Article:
Get the Most From Vegetable Garden Mulches

Inexpensive organic mulches, such as grass clippings and fallen leaves, will work wonders on your veggie patch.

| June/July 2011

One of the hallmarks of any healthy organic garden is the effective use of mulches. Defined as materials used to cover the soil’s surface, mulches help control weeds, prevent disease, conserve moisture, maintain consistent soil temperatures, enrich the soil with organic matter and just make the garden look good. According to Texas A&M University, a well-mulched garden can yield 50 percent more vegetables than an unmulched garden space, thanks in part to mulches’ ability to reduce foliage and fruit diseases.

Most gardeners prefer biodegradable mulches, such as compost, grass clippings, leaves or straw, because they decompose into soil-building organic matter. In vegetable garden pathways or in orchards, sawdust and wood chips are hard to beat as perpetual mulches (see Use Wood Mulch to Build Great Garden Soil). Here we will focus on vegetable garden mulches used during the growing season, when their immediate purposes are to suppress weeds and diseases while moderating soil temperature and conserving moisture.

Mulching to Control Weeds

The longer a crop’s growing season, the more likely it is to benefit from mulching. In terms of weed control, the timing of the application of the mulch can be crucial to its effectiveness. For example, you could get good weed control at the start by mulching with newspaper and grass clippings over the area where squash or melons will run. But by the end of the season, the plot will be knee-deep in weeds that can’t be pulled without mangling the vines, so the best you could do at that point would be to cut back the weeds before they shed unwanted seeds. With peppers and tomatoes, however, it’s better to mulch later to get more sustained weed control. Weeding by hand for the first month or so, and mulching after weeds have been subdued, will usually keep weeds down for the entire summer.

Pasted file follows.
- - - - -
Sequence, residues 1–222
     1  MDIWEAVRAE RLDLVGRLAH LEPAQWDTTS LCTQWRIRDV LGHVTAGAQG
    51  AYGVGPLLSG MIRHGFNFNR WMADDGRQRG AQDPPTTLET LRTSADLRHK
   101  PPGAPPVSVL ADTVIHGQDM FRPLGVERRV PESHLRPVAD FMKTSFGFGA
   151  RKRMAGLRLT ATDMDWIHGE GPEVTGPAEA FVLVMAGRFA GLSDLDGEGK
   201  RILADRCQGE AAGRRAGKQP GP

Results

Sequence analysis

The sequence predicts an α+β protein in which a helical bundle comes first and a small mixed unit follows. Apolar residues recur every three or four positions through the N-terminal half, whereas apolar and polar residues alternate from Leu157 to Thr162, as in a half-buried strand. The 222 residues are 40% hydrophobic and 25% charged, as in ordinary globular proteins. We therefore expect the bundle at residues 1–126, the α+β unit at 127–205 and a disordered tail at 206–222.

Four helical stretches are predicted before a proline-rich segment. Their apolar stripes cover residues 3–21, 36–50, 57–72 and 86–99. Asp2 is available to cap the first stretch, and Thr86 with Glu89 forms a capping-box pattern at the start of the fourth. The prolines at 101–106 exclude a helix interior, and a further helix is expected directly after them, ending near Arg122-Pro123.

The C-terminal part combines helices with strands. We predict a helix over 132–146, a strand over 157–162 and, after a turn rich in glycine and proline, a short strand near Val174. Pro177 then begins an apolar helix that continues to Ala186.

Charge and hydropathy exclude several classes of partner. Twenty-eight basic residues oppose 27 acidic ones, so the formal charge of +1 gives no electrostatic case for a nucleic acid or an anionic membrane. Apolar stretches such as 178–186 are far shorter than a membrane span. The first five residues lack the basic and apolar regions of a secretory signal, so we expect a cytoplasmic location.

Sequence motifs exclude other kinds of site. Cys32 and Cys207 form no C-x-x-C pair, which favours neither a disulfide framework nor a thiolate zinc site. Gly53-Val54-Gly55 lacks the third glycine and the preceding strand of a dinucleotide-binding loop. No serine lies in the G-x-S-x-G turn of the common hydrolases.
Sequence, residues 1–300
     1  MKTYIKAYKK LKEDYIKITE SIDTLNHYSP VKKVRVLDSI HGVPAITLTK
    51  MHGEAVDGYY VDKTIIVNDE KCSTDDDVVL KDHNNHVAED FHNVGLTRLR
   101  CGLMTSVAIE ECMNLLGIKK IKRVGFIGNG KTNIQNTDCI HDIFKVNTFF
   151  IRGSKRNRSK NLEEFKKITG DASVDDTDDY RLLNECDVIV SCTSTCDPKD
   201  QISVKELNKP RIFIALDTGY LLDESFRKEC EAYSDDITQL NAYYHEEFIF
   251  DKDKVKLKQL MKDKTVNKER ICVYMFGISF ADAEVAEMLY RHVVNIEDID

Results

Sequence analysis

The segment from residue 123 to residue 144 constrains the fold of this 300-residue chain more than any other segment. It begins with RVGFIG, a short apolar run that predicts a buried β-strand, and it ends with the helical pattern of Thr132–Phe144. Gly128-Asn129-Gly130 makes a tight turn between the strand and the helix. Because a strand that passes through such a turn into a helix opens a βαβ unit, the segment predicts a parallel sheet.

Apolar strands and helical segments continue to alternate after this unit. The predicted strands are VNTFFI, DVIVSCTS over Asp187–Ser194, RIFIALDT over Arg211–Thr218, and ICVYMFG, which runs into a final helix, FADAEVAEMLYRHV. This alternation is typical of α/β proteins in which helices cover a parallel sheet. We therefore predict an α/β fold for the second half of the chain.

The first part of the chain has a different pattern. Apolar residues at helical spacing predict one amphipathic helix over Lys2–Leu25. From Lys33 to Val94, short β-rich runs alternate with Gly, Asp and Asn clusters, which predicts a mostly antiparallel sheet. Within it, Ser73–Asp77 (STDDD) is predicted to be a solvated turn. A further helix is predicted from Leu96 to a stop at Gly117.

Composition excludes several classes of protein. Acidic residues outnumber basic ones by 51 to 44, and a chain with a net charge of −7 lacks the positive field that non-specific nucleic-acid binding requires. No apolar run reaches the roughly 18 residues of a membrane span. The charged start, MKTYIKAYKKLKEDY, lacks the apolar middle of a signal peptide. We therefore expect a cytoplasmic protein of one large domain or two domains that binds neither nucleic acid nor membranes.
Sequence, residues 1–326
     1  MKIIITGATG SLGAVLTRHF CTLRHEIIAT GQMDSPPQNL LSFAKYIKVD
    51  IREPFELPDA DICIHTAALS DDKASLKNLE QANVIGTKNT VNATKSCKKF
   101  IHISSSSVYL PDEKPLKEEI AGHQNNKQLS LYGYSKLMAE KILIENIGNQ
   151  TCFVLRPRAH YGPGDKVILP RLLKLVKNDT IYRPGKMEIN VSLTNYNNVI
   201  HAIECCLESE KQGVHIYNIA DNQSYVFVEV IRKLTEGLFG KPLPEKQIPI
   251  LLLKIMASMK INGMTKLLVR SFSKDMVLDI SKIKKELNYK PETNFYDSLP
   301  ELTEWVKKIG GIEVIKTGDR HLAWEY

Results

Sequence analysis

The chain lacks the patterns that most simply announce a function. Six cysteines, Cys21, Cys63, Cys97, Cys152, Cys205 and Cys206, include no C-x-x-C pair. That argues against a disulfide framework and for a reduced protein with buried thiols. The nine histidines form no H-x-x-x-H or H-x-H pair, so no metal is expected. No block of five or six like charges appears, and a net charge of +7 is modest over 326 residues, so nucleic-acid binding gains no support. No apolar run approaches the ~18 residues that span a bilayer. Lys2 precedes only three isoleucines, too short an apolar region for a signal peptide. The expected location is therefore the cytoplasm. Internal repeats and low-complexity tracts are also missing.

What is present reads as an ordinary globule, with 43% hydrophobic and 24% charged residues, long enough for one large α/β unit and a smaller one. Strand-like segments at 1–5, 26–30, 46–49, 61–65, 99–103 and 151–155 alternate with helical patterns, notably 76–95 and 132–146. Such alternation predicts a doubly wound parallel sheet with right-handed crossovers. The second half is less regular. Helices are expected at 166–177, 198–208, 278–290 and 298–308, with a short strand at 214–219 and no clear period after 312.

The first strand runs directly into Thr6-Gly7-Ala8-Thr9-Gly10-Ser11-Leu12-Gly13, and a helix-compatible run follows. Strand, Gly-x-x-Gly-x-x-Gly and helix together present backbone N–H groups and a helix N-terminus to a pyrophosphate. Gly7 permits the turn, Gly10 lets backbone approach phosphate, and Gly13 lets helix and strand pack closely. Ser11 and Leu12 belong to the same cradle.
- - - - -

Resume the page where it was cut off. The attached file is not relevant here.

To enhance weed control provided by organic mulches, many gardeners place newspaper beneath other organic mulches. Overlapped sheets of newspaper — about six sheets thick — will block light that could pass through thin layers of grass clippings or weathered leaves, resulting in far fewer weeds.

Homegrown Mulches

The best vegetable garden mulches are those that your property produces itself, such as grass clippings, leaves and compost made by combining kitchen and garden wastes. Grass clippings are particularly useful because they contain abundant nitrogen and other nutrients, which feed both soil life and plants. If used as mulch over fertile, organically enriched soil, a 2-inch blanket of fresh grass clippings can provide all the nutrients most crops need for the season.

I’ve begun developing the area over my septic field (where trees and other deep-rooted plants can’t be grown) into a special patch for grass clipping production. By seeding in well-adapted grasses and clovers, I hope to have a lush plot that can be harvested four or five times a year using my walk-behind mower and bagger. This should satisfy about half of my mulch needs during the summer months. You can collect grass clippings from your neighbors, but if you do, make sure they haven’t been contaminated by persistent herbicides (check out our pieces on killer compost for more information).

1/24/2016 12:48:22 AM

I cut grass with a scythe and then cover it with carpet so I get the advantage of both organic and inorganic mulch.

7/28/2014 12:45:10 AM

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Noele Barnett
3/25/2012 7:41:39 PM

how do i kill fire ats in my organic garden without killing my plants, i have boric acid but ive never used it in a garden just in the house, please help....

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